Orem sets transparency standard with new financial disclosures ordinance

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Orem City Council changed its financial disclosure policy. This raises the bar for other Utah cities. (Zoe Cook)

Orem recently passed a new city ordinance which requires current elected officials to complete financial disclosures. This also asks that current elected officials produce records from the length of their term.

“Most (cities) just do what the state requires, which is the minimum,” Pete Wolfley, Orem communications manager, said. These financial disclosures allow you to get a sense of who has influence (at least in Orem), he continued. Provo currently only complies with state regulation.

State regulation requires candidates provide financial disclosures for their campaigns. Once they are elected, however, they no longer need to report where any remaining funds go.

Provo City Council member Rachel Whipple explained that this is relevant because it is common for candidates to donate the remainder of their own campaign funds to another running candidate. Understanding where current council members are putting their support can help educate voters.

Orem City’s change is also partially a reflection of the amount of money Orem officials are handling — roughly $15,000 or more for a campaign. This can be seen in current and past candidates’ financial disclosure documents.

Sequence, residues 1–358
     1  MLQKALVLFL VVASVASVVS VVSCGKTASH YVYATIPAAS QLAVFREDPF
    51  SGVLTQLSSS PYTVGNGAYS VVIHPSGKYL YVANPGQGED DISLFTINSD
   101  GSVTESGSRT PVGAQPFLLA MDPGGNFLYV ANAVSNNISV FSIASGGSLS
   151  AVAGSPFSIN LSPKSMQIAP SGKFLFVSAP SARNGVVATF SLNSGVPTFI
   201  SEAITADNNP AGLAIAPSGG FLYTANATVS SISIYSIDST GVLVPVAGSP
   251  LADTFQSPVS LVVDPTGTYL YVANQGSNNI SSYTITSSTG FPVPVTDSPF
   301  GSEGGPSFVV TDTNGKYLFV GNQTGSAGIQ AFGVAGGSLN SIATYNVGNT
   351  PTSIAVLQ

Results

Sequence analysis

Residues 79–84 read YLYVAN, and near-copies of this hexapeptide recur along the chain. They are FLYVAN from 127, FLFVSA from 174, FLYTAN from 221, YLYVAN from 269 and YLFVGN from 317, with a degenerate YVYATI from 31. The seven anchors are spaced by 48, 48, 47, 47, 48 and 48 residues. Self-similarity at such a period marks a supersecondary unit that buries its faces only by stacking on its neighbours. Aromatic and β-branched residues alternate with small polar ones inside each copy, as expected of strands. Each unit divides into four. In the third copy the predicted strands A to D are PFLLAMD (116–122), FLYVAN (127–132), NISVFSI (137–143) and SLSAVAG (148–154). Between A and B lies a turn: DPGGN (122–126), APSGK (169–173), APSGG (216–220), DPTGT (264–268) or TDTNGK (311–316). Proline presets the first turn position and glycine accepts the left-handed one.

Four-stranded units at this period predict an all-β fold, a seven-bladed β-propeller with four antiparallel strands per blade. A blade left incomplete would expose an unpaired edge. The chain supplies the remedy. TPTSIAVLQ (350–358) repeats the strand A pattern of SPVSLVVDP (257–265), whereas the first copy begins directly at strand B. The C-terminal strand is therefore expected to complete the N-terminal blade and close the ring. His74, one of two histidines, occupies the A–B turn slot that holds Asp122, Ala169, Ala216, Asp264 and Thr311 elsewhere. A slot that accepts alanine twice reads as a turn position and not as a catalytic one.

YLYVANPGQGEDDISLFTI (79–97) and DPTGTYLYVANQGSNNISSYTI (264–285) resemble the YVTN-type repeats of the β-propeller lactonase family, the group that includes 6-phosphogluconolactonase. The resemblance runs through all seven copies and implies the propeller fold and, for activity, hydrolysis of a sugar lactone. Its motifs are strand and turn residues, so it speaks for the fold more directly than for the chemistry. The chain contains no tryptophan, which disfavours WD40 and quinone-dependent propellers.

Provo’s larger candidates spend a similar amount, but because of Provo’s district system, which divides Provo into five districts, some candidates are able to spend less.

Provo candidates also only need to reach voters within their district. In 2022 the Provo City Council debated eliminating the district system but opted to keep it so that each neighborhood could have its own advocate on the City Council, Whipple explained.

By comparison, Orem’s “at large” system encourages candidates to gain support from a larger population to make it onto the city council. To do this, some Orem candidates take advantage of Veracity Enterprises, a consulting firm located in Provo. Veracity offers nationally ranked campaign assistance, helping candidates learn the skills necessary to be successful.

“I’m kind of like a river guide,” Veracity consultant David Kyle said. Most of what he does is help candidates magnify and clarify their voice so that voters know what the candidates stand for, he said. This can mean anything from training candidates in public speaking to helping make signs, flyers or digital materials.

While each city is required to meet the state requirements, this could be the beginning of a trend towards higher transparency.

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